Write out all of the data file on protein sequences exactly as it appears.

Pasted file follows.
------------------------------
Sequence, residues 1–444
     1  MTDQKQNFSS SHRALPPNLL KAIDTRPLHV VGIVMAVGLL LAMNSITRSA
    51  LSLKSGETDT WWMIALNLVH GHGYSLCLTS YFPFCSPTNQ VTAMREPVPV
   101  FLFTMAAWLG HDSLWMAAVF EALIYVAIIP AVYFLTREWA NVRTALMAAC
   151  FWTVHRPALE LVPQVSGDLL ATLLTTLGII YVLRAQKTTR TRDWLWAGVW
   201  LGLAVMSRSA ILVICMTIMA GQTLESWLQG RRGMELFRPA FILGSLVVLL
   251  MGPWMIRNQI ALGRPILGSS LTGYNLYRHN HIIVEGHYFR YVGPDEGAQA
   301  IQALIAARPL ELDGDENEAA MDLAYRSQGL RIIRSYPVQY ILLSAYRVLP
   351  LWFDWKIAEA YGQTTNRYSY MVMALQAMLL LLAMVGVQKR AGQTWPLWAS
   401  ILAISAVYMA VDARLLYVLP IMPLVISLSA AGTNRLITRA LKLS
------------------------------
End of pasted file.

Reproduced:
Sequence, residues 1–444
     1  MTDQKQNFSS SHRALPPNLL KAIDTRPLHV VGIVMAVGLL LAMNSITRSA
    51  LSLKSGETDT WWMIALNLVH GHGYSLCLTS YFPFCSPTNQ VTAMREPVPV
   101  FLFTMAAWLG HDSLWMAAVF EALIYVAIIP AVYFLTREWA NVRTALMAAC
   151  FWTVHRPALE LVPQVSGDLL ATLLTTLGII YVLRAQKTTR TRDWLWAGVW
   201  LGLAVMSRSA ILVICMTIMA GQTLESWLQG RRGMELFRPA FILGSLVVLL
   251  MGPWMIRNQI ALGRPILGSS LTGYNLYRHN HIIVEGHYFR YVGPDEGAQA
   301  IQALIAARPL ELDGDENEAA MDLAYRSQGL RIIRSYPVQY ILLSAYRVLP
   351  LWFDWKIAEA YGQTTNRYSY MVMALQAMLL LLAMVGVQKR AGQTWPLWAS
   401  ILAISAVYMA VDARLLYVLP IMPLVISLSA AGTNRLITRA LKLS